Nanoscale materials are popping up more frequently in our lives, and FDA has reacted with an agency-wide guidance to provide a framework for determining whether a product's parts or ingredients constitute nanotechnology. The question of FDA regulation of nanoscale materials has been brewing for nearly a decade, but the focus of this guidance seems limited to characterization, and includes little in the way of product-specific information, a predicament the agency conceded in the passage, noting that issues such as safety and regulatory status of an affected product "are currently addressed on a case-by-case basis using FDA's existing review processes."
FDA first formally acknowledged the nanotech policy issue with the formation of a task force eight years ago (Medical Device Daily, Aug. 10, 2006), but the question of whether the agency was sufficiently resourced to investigate the question exhaustively at that time arose during a public meeting on the topic later that year (MDD, Oct. 12, 2006). The guidance – which does not indicate its a status as a draft guidance but as a final guidance – suggests the agency sees "a need to learn more about the potential role and importance of dimensions in the physical and chemical characteristics and biological effects exhibited by FDA-regulated products."
The guidance acknowledged some issues associated with the proposition that 100 nanometers serves as a hard upper boundary for the definition of a nanoscale component or ingredient, stating that the physical and chemical properties and the biological behavior ordinarily attributed to nanoscale materials may be exhibited by materials "outside the nanoscale range" of 1 to 100 nanometers.
FDA indicated that any materials that can be measured within that span, either as an external or an internal dimension, will be considered to have the potential to exhibit the properties unique to nanoscale materials. However, the agency also noted that it is "particularly interested in the deliberate and purposeful manipulation and control of dimensions to produce specific properties," which the guidance said is a different regulatory proposition than products that inherently occur at the nanoscale range. FDA indicated it is not focused on particles in the nanoscale range that are the result of conventional manufacturing techniques.
The agency is accepting comments to the docket on an ongoing basis under docket number FDA-2010-D-0530.
FDA inks new final GUDID guidance
Scarcely two weeks have passed since FDA published a purportedly final guidance on the global unique device identifier database (GUDID) when the agency released another final guidance. The agency's explanation was that it had released the June 11 edition "in order to provide labelers access to the latest information" as soon as it was available and address the most common questions filed for the Sept. 24, 2013 draft.
The new final guidance, however, "finalizes the remaining sections and incorporates sections finalized earlier in order to provide one complete and final document," the agency said. However, FDA indicated it "intend[s] to periodically update this document to reflect [GUDID] system changes and enhancements."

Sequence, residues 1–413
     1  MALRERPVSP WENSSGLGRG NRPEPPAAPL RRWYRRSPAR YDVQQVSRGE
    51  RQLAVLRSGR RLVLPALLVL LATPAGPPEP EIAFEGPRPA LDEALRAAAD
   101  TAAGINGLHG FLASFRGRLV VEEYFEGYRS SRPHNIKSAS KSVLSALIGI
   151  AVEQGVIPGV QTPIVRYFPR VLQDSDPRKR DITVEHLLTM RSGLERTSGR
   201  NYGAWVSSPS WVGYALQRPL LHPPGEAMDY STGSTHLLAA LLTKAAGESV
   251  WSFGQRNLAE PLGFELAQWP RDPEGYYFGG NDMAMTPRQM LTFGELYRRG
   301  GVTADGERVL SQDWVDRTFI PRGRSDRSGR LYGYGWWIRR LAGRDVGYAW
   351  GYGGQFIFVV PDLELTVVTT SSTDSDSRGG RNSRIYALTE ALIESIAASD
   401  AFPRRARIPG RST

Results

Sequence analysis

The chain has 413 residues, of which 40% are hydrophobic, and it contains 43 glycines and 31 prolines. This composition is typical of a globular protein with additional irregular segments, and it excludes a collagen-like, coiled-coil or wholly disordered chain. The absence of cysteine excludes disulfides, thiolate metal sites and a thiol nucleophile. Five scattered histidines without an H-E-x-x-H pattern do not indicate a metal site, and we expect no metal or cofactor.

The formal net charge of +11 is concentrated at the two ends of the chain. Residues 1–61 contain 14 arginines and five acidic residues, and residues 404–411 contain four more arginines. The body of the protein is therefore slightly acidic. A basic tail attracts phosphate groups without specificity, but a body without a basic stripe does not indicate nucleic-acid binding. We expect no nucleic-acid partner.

The guidance reminds the reader that manufacturers can fill out their GUDID entries via the GUDID web interface or, in the case of high-volume entities, a structured product labeling utility provided by Health Level 7 (HL7; Ann Arbor, Michigan), available at the agency's electronic submissions gateway. The HL7/FDA utility uses XML to fill out the database.
Affected entities will have to set up a GUDID account, and FDA recommends that each account have "one or more [designated] coordinators" who would serve as the agency's first point of contact in the event of questions about a GUDID entry. The agency said that each account "may have zero or more third-party submitters," although the account holder is liable for all GUDID data.
HydroFinity wires a class I recall
FDA announced June 25 a class I recall of nitinol hydrophilic guidewires manufactured by Nitinol Devices & Components (ND&C; Fremont, California) under the HdyroFinity brand due to the potential for damage to the device's outer polymer jacket. The recall affects all HdyroFinity lots distributed by Covidien (Dublin, Ireland) between Nov. 30, 2013, and May 14.
FDA explained that the recall, announced by ND&C May 28, was triggered by a dozen reports of polymer jacket separation. Embolization occurred in two instances, one of which required surgical intervention, according to the agency.
OIG eyes lab-to-doc payments
The Office of Inspector General (OIG) indicated a concern about payments made by operators of clinical labs to physicians, referring to two recent trends OIG believes "present a substantial risk of fraud and abuse under the anti-kickback statute."
OIG's June 25 alert said that the agency has "become aware of arrangements" in which clinical labs pay physicians to collect, process and package blood specimens, noting that the current procedural terminology (CPT) code for Medicare billing changes when going from collection to collection, handling and conveyance of the specimen(s). The agency indicated concern regarding practices in which a clinical lab pays a physician for such services in excess of fair market value, and when payment is made for each specimen drawn or on another basis "that takes into account the volume or value of referrals."
Also deemed problematic are arrangements in which physicians forward data to registries on behalf of a clinical lab, an arrangement OIG said "may induce physicians to order medically unnecessary or duplicative tests" or to order those tests from labs that offer registry arrangements "in lieu of other potentially clinically superior labs." //